(Legislative acts) REGULATIONS REGULATION (EU) 2017/625 OF THE EUROPEAN PARLIAMENT AND OF THE COUNCIL. of 15 March 2017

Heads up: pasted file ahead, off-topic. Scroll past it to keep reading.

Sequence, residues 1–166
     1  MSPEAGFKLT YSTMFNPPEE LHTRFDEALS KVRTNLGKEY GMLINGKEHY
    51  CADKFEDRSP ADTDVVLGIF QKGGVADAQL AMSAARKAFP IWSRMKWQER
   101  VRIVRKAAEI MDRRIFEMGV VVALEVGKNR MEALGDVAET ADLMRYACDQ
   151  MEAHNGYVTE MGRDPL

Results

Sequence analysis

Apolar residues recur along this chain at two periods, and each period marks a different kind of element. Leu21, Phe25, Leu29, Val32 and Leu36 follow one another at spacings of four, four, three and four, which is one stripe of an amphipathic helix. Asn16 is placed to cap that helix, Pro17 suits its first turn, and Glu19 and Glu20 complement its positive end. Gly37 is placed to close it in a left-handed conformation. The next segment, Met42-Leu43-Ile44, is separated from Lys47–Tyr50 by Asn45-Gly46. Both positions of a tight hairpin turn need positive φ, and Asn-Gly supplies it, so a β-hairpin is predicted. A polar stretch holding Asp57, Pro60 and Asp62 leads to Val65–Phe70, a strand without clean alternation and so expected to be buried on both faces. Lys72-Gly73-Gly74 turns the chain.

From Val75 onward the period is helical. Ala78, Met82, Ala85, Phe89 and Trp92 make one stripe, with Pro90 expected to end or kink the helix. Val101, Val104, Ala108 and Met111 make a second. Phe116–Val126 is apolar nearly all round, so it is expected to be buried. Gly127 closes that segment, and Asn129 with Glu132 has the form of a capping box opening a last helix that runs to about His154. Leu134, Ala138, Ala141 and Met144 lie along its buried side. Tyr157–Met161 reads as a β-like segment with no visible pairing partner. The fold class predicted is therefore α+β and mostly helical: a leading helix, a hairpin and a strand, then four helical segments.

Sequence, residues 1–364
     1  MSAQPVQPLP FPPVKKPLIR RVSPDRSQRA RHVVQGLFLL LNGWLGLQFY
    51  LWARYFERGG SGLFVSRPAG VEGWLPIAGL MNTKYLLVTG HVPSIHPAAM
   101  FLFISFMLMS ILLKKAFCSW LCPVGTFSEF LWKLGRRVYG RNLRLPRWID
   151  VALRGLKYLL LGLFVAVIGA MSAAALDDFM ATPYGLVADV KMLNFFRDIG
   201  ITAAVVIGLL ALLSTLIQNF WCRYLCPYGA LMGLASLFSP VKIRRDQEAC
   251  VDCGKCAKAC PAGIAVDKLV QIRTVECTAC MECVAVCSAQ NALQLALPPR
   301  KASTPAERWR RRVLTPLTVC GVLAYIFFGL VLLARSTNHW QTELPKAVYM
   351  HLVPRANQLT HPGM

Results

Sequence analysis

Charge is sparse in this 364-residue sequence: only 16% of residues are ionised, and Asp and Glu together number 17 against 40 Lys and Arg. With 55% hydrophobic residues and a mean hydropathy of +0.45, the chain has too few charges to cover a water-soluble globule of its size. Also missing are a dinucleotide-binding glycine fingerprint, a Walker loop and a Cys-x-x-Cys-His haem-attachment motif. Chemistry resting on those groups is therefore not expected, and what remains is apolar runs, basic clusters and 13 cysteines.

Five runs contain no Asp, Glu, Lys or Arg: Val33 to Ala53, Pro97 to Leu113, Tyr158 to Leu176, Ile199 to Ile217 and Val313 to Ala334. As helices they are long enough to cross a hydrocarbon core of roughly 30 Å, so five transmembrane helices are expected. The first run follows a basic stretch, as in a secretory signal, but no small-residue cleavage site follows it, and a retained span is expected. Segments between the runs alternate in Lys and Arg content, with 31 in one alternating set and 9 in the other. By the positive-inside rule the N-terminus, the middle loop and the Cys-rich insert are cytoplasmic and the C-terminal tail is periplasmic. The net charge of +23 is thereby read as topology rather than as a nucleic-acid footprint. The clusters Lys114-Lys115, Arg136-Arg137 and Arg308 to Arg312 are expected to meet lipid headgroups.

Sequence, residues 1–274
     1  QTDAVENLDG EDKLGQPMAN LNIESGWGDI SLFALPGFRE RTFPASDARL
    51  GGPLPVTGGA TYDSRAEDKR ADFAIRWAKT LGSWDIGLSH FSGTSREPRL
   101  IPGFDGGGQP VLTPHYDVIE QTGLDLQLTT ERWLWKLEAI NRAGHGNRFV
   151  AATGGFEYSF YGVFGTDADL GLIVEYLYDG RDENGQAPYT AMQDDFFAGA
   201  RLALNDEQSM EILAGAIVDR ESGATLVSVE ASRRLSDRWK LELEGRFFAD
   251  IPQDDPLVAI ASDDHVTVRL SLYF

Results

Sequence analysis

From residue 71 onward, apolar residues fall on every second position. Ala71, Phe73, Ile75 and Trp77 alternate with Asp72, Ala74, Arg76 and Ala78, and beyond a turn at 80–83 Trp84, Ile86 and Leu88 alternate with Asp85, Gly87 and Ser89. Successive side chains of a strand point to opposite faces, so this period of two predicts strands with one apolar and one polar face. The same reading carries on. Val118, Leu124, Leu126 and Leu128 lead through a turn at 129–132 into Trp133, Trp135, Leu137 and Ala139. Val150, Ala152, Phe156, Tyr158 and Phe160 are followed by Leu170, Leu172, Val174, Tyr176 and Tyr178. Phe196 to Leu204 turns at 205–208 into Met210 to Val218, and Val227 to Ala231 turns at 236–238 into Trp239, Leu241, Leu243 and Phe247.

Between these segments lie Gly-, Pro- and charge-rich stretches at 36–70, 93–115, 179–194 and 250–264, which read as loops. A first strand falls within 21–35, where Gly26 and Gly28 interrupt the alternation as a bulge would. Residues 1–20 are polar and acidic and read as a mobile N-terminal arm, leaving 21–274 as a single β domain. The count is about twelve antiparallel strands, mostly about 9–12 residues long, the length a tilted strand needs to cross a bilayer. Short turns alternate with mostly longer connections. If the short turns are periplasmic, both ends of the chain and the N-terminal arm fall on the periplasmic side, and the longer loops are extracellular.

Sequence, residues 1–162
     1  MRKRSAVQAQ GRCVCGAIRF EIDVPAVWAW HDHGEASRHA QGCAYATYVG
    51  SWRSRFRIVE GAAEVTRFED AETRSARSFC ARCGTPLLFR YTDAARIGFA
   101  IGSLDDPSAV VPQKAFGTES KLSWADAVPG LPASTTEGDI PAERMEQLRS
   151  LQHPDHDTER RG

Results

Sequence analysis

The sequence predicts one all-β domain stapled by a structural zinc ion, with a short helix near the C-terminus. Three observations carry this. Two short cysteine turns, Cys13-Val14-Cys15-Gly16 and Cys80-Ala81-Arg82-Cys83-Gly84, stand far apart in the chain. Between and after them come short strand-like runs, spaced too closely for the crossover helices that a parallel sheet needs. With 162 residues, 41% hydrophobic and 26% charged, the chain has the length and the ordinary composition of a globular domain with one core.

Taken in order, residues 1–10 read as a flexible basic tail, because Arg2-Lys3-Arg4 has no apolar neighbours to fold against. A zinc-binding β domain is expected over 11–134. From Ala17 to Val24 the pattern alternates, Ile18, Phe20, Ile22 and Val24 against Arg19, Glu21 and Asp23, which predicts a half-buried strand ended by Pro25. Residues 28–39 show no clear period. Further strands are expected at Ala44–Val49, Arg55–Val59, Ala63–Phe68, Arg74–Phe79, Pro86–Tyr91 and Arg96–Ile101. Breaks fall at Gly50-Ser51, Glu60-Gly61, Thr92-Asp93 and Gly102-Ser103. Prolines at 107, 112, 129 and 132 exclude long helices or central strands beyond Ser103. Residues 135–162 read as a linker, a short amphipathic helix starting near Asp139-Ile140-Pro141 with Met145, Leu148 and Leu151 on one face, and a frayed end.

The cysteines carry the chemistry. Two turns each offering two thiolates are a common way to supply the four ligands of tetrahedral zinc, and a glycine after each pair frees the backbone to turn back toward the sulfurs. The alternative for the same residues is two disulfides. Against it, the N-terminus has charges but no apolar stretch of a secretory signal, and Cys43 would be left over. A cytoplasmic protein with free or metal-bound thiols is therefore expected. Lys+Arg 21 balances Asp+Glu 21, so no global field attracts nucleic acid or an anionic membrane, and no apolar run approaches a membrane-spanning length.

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1 EN Official Journal of the European Union L 95/1 I (Legislative acts) REGULATIONS REGULATION (EU) 2017/625 OF THE EUROPEAN PARLIAMENT AND OF THE COUNCIL of 15 March 2017 on official controls and other official activities performed to ensure the application of food and feed law, rules on animal health and welfare, plant health and plant protection products, amending Regulations (EC) No 999/2001, (EC) No 396/2005, (EC) No 1069/2009, (EC) No 1107/2009, (EU) No 1151/2012, (EU) No 652/2014, (EU) 2016/429 and (EU) 2016/2031 of the European Parliament and of the Council, Council Regulations (EC) No 1/2005 and (EC) No 1099/2009 and Council Directives 98/58/EC, 1999/74/EC, 2007/43/EC, 2008/119/EC and 2008/120/EC, and repealing Regulations (EC) No 854/2004 and (EC) No 882/2004 of the European Parliament and of the Council, Council Directives 89/608/EEC, 89/662/EEC, 90/425/EEC, 91/496/EEC, 96/23/EC, 96/93/EC and 97/78/ EC and Council Decision 92/438/EEC (Official Controls Regulation) (Text with EEA relevance) THE EUROPEAN PARLIAMENT AND THE COUNCIL OF THE EUROPEAN UNION, Having regard to the Treaty on the Functioning of the European Union, and in particular Article 43(2), Article 114 and Article 168(4)(b) thereof, Having regard to the proposal from the European Commission, After transmission of the draft legislative act to the national parliaments, Having regard to the opinion of the European Economic and Social Committee ( 1 ), Having regard to the opinion of the Committee of the Regions ( 2 ), Acting in accordance with the ordinary legislative procedure ( 3 ), Whereas: (1) The Treaty on the Functioning of the European Union (TFEU) requires a high level of protection of human and animal health and of the environment to be ensured in the definition and implementation of Union policies and activities. The achievement of that objective should, inter alia, be pursued via measures in the veterinary and phytosanitary fields which have as their final objective the protection of human health. ( 1 ) OJ C 67, , p ( 2 ) OJ C 114, , p. 96. ( 3 ) Position of the European Parliament of 15 April 2014 (not yet published in the Official Journal) and position of the Council at first reading of 19 December 2016 (not yet published in the Official Journal). Position of the European Parliament of 15 March 2017 (not yet published in the Official Journal).